La Plage de Trouville (c. 1865) by Eugene Boudin

La Plage de Trouville - Eugene Boudin - c. 1865

Artwork Information

TitleLa Plage de Trouville
ArtistEugene Boudin
Datec. 1865
MediumOil on Canvas
Dimensions26 1/2 x 41 in (67.3 x 104.1 cm)
Current LocationMinneapolis Institute of Arts

About La Plage de Trouville

La Plage De Trouville is an oil painting done around 1865 by French Impressionist Eugène Boudin. The artwork portrays fashionable beach resorts crowded with tourists enjoying seaside vacations. Boudin was one of the first artists to paint en plein air and is considered one of the important precursors of Impressionism. Many art historians view his contribution as fundamental to the movement; he often painted contemporary outdoor scenes that would later become staples for future impressionists.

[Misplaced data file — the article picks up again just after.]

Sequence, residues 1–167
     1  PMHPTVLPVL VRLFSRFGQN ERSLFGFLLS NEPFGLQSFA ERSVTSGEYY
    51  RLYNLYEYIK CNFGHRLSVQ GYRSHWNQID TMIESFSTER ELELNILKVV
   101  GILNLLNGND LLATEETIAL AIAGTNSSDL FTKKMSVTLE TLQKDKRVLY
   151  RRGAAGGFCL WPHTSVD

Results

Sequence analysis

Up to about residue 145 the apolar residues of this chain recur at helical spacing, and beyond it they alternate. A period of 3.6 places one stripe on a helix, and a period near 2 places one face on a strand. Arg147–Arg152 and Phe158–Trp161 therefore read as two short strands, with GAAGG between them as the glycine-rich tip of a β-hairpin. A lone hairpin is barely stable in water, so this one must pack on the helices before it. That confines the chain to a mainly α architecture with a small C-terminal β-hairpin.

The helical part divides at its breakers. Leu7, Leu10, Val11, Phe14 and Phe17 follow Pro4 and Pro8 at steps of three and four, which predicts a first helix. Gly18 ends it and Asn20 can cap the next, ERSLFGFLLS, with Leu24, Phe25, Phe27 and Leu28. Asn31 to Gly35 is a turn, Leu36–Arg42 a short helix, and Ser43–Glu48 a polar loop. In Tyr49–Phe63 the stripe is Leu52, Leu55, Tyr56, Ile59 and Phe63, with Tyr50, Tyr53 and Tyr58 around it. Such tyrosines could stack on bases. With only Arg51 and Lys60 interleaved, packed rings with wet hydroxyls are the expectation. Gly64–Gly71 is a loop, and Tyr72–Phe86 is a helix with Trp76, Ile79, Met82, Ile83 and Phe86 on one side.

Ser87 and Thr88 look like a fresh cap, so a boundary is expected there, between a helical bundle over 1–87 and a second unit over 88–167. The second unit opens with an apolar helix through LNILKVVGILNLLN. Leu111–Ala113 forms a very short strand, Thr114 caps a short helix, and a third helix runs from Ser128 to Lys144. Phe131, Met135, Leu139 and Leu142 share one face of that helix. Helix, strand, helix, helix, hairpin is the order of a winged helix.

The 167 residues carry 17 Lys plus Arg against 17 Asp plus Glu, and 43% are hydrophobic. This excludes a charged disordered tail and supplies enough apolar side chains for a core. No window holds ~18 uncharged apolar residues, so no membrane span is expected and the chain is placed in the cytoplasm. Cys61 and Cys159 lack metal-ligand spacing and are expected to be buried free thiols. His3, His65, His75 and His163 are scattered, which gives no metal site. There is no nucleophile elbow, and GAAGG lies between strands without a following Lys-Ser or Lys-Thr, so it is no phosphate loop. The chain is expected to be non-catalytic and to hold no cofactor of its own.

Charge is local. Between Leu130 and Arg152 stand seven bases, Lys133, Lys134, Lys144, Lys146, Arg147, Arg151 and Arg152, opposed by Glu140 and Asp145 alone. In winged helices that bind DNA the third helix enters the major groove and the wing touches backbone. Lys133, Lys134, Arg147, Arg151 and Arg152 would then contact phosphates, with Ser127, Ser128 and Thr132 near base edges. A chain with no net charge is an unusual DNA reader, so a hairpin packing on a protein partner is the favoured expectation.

Boudin’s La Plage De Trouville showcases the elegant seaside resort on the Normandy coast where he often painted – it is part of a famed series depicting this location. He depicts elegantly dressed tourists, including two gentlemen in top hats who suggest they may have just visited horse races or luxury casinos popular during this time period. The painting offers a snapshot of Beach life during the mid-19th century, with accurate details such as diaphanous parasols shading socialites from strong sunlight.

In March 2021, La Plage De Trouville was sold at Christie’s in London auction for GBP 2,262,000- it now holds the record as Boudin’s most expensive artwork found in auctions thus far. Collectors appreciate its masterly use of color combined with its historic appeal towards wealthy vacationers and their extravagant pursuits while flocking towards luxury coastlines abroad. Overall, this piece represents not only an excellent example of Impressionism but also captures a particular moment in classic French coastal bourgeoisie culture and recreation history that can be appreciated by both art lovers and historians alike.

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